Revolutionizing robotics with a HOG

The stunningly simple robot designed by CURTIS BOIRUM ’09 MSmE ’11 has garnered widespread media attention. It includes two gimbaled wheels, a microprocessor, a wireless serial port, and a helicopter gyro on the bottom for stability control at high speeds.

A grad student’s simple design is turning heads around the world.

CURTIS BOIRUM ’09 MSME ’11 can trace his passion for mechanical engineering back to his childhood with a box of Legos and a few ill-fated construction projects.

Last year Boirum attached a hemispherical omnidirectional gimbaled (HOG) wheel onto a small Lego frame with two wheels to test his on-paper concept of a quick and maneuverable robot. The rubber HOG wheel spins rapidly, like a top, and when tilted slightly by a remote control, instantly changes the robot’s direction without slowing it down. The simple design requires no transmission and costs next to nothing to build.

The value is in the innovation. Documented research on this type of technology has not been done since the 1930s. Boirum believes his invention could lead to highly maneuverable wheelchairs, forklifts, or other moving machines utilized in factories or on aircraft carriers.

“The ultimate idea is that with enough computer control, this would be so maneuverable, so quick, that it could do things a person using a remote control couldn’t even make it do,” Boirum said. 

Since Boirum showed off his first HOG wheel robot at the RoboGames symposium in April, media spread the news worldwide about his agile creation.  

“I couldn’t believe all the different websites and magazines that picked it up, magazines that I’ve always read and thought, ‘Man, it would be really great to one day be featured in there,’” Boirum said. 

Dr. Julie Reyer, Boirum’s mechanical engineering professor, collaborated with him on the project and is leading the effort to secure a patent. “Having students like Curt who are enthusiastic about a project is exciting, especially when you realize an idea has potential to take us interesting places we haven’t been before. Fostering that drive is why we’re here,” Reyer said.

Boirum was hired by a top computer manufacturer and expects to soon begin a doctoral program in mechanical engineering. In the meantime, he continues development on his HOG wheel project and remains involved with the Central Illinois Robotics Club.

—Abby Rhodes

Science and ‘sextraversion’ — blog tells all

Psychology professor David Schmitt is credited with writing or co-writing more than 50 peer-reviewed articles and book chapters. Now as a blogger for Psychology Today, he has the opportunity to reach a vast new audience. Schmitt’s first two posts in June were What is Sexual Personality? and Sextraversion, which looked at sexually unfaithful personalities.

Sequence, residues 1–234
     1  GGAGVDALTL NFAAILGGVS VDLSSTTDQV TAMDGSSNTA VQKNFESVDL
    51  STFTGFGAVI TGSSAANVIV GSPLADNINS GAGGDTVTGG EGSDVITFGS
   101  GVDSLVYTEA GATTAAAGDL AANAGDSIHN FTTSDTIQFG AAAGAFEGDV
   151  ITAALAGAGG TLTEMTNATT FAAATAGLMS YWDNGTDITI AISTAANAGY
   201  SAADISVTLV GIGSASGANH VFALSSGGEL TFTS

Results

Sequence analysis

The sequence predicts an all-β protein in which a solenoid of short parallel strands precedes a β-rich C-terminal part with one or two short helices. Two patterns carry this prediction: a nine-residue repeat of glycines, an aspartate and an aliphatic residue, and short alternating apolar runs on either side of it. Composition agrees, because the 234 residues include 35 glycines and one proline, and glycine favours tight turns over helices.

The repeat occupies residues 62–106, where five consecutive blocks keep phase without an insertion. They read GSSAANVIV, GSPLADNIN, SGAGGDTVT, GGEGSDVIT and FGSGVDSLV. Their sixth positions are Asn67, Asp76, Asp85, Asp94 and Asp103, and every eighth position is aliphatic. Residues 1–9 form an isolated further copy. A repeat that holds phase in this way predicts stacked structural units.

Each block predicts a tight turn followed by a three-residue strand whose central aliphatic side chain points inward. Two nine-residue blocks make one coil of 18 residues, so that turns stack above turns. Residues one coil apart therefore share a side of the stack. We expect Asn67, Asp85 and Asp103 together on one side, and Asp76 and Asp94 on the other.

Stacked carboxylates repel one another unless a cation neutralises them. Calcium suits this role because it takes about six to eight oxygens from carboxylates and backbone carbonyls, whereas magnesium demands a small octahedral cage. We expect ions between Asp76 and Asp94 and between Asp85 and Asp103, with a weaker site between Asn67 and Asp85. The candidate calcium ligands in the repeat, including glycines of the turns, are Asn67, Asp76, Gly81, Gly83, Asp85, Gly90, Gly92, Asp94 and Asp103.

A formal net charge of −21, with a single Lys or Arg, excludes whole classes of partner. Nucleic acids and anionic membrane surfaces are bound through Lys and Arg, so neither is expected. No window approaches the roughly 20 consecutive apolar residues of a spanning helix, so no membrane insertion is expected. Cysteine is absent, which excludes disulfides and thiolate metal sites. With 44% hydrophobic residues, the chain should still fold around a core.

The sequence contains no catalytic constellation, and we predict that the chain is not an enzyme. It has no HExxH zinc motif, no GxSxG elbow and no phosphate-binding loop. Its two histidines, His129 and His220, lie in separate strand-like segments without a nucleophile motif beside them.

Schmitt, whose doctoral degree from the University of Michigan is in personality psychology, plans to post every few weeks. He was asked initially to blog for the magazine several years ago. “I decided to take them up on the offer this summer,” says Schmitt who joined the Bradley faculty in 1995. 


Read an earlier article about Schmitt and his study or his blog.

So far, several thousand people have read each of his posts. The response has been “mostly positive,” along with a few negative, Schmitt says. “Because I tend to discuss the science behind sexuality and to advocate for respecting sexual diversity, people who view sex as taboo or who believe there is only one ‘right way’ to be sexual tend to not like what I write,” he adds.

Schmitt is quoted frequently by national and international media on the topics of sexuality and “mate poaching.” Named a Caterpillar professor of psychology at Bradley in 2008, he founded the International Sexuality Description Project (ISDP) in 2000 and continues as its director. The ISDP is one of the largest cross-cultural research teams investigating how culture, personality, and gender work together to influence sexual attitudes and behaviors. More than 200 psychologists in nearly 60 countries supply data for the studies, which is then analyzed by Schmitt and a group of his students.

—Gayle Erwin McDowell ’77

Psi Chi wins national award

Bradley’s chapter of Psi Chi, the international psychology honor society, has received the Ruth Hubbard Cousins National Chapter Award. The award recognizes the chapter that best achieves the honor society’s purpose to encourage, stimulate, and maintain excellence in scholarship, and to advance the science of psychology. To be eligible, chapters must achieve model chapter status, which Bradley has accomplished the last three years, then earn one of six regional awards. Bradley was the Midwest Regional Chapter Award winner in 2010. Bradley’s club was given $3,500, a plaque, and travel expenses for chapter president STEPHANIE ANDEL ’12 to accept the award at the 2011 American Psychological Association Conference August 4–7 in Washington, D.C. It is named for Ruth Hubbard Cousins, who led the honor society for 33 years. There are about 1,100 Psi Chi chapters around the world.